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You have to look hard to find a gentler soul than Ringo Starr. The Beatles drummer has been keeping moods light and putting smiles on people’s faces for some six decades in the public eye. And he doesn’t seem ready to stop anytime soon.

When you read about the Fab Four’s darkest days (roughly 1968-69), you can’t help but marvel how Ringo mostly kept his cool as his bandmates had their regular eruptions. (During that stretch, Ringo wrote “Octopus’s Garden” and crooned the impossibly sweet “Good Night.”)

From the very beginning, Ringo became famous for his malapropisms and goofy asides that kept his bandmates laughing. And though the Fab Four rejected Ringo’s title for Revolver (he pitched After Geometry), John Lennon did use Ringo-isms for two classic songs he wrote.

Ringo likely coined ‘A Hard Day’s Night’ in 1964

Ringo Starr poses in a garden, circa 1964
Ringo Starr, circa 1964 | Keystone-France/Gamma-Keystone via Getty Images

As far as Beatles milestones go, A Hard Day’s Night has to rank high on the list from the early years. The Fab Four’s first film and smash-hit soundtrack featured the group at one of their peaks in songwriting and overall popularity. And it started with the title track.

“A Hard Day’s Night,” penned by Lennon in a single night (likely April 13, 1964), wasn’t the first time his fans heard him use that phrase. As the songwriter noted in his 1980 Playboy interviews with David Sheff (collected in All We Are Saying), he included it in a book of stories and poems published in March ’64.

“I had it in In His Own Write but it was an off-the-cuff remark by Ringo,” John explained. “You know, one of those malapropisms. A Ringo-ism, where he said it not to be funny, just said it.”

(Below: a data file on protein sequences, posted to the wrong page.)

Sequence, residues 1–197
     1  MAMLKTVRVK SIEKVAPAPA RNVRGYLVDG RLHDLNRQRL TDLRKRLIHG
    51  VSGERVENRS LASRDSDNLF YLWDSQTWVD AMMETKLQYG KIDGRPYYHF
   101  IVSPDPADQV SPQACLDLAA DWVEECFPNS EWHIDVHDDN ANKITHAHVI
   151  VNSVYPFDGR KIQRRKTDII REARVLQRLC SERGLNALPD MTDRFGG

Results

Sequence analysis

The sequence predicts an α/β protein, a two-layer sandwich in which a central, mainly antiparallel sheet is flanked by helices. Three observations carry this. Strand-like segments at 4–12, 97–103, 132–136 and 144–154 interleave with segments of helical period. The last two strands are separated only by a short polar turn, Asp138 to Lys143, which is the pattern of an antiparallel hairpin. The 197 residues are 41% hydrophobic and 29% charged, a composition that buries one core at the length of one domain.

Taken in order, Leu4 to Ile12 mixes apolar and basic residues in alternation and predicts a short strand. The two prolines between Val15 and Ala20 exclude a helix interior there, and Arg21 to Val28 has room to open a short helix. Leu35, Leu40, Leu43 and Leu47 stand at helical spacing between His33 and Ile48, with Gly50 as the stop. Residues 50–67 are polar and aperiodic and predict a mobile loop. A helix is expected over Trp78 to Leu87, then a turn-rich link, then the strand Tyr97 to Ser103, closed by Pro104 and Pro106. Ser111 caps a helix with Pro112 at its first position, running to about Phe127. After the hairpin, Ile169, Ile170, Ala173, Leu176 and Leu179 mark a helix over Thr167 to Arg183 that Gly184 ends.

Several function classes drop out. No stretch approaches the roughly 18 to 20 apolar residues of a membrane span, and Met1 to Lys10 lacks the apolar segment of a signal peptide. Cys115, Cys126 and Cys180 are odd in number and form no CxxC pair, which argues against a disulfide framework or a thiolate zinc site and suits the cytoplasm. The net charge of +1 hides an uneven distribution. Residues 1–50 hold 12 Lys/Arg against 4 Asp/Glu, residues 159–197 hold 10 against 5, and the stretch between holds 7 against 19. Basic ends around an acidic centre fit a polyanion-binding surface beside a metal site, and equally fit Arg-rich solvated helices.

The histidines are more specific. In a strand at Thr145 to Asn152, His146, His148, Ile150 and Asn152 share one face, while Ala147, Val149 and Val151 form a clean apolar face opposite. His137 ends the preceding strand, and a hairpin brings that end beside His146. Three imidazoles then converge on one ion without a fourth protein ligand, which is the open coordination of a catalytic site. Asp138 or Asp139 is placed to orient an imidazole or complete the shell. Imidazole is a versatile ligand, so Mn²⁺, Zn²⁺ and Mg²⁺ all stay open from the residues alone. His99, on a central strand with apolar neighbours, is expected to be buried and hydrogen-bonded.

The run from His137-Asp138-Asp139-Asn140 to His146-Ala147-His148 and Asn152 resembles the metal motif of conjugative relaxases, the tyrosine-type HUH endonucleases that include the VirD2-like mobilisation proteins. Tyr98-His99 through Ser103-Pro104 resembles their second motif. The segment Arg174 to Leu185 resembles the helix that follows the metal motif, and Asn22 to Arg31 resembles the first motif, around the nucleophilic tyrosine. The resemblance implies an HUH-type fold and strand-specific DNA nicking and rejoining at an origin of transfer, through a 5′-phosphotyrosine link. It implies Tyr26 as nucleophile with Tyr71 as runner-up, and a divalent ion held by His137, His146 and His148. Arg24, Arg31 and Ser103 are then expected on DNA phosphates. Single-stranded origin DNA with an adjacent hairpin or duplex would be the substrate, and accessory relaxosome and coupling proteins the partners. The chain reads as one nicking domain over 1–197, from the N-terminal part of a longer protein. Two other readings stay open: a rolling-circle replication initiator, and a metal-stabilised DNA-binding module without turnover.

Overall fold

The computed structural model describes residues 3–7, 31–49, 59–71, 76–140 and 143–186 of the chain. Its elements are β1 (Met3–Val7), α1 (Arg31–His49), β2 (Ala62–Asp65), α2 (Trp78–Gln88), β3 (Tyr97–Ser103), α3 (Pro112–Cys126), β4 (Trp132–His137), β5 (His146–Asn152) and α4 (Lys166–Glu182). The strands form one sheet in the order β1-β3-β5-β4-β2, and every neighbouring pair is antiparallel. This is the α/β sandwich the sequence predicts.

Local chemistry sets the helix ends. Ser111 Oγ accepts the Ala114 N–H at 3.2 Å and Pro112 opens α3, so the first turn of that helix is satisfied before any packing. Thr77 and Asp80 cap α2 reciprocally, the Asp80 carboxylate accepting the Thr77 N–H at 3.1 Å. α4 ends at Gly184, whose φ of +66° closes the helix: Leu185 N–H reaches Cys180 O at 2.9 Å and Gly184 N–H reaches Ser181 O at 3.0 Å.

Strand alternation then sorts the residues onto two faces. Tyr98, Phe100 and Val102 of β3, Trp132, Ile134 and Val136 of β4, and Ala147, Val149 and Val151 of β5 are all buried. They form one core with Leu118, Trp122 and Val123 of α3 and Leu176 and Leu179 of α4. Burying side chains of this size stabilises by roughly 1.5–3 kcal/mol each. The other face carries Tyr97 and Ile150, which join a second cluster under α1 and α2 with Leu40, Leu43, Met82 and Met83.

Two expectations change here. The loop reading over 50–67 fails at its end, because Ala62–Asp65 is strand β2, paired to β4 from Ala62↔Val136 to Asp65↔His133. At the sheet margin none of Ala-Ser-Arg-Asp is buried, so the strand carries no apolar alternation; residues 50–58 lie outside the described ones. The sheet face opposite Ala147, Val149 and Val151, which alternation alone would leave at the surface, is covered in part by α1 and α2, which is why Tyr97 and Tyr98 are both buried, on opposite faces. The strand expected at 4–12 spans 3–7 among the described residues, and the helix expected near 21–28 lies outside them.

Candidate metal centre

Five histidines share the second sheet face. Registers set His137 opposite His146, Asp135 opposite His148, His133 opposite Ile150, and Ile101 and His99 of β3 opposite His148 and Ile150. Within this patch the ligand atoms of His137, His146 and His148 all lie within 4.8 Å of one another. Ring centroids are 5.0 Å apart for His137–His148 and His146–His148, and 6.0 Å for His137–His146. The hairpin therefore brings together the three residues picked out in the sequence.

“A Hard Day’s Night,” released summer ’64, would become one of the six Beatles No. 1 hits that year. As for song titles inspired by Ringo, he had another phrase John used for a song on Revolver a few years later.

Ringo also came up with ‘Tomorrow Never Knows’ in a ’64 interview

Ringo Starr performing in 1964
Ringo Starr of The Beatles performs on stage at the Washington Coliseum | Rowland Scherman/Getty Images

The Ringo-isms didn’t only work for Beatlemania-era songs. When John wrote the psychedelic “Tomorrow Never Knows” for the ’66 Revolver sessions, he was working with another quip by the drummer. Ringo dropped that one in an odd bit of a 1964 interview with the BBC.

“Someone just cut a bit of my hair, you see,” Ringo explained (via The Paul McCartney Project). When the interviewer asked how it happened, Ringo said the circumstances were eerily similar. “I was just talking, having an interview– just like I am NOW!”


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From there, John and Paul pretended to start clipping off locks of Ringo’s hair. As they often did in those days, The Beatles played the rest of the interview for laughs. “I was talking and I looked ’round, and there was about 400 people just smiling,” Ringo said. “What can you say?”

“What can you say?” John parroted. Then Ringo delivered a zinger: “Tomorrow never knows.” John enjoyed it enough to pull it out two years later on the Fab Four’s “acid album.”

This time, however, John used the Ringo-ism for a different reason. “I took one of Ringo’s malapropisms as the title, to sort of take the edge off the heavy philosophical lyrics,” he told Sheff in All We Are Saying.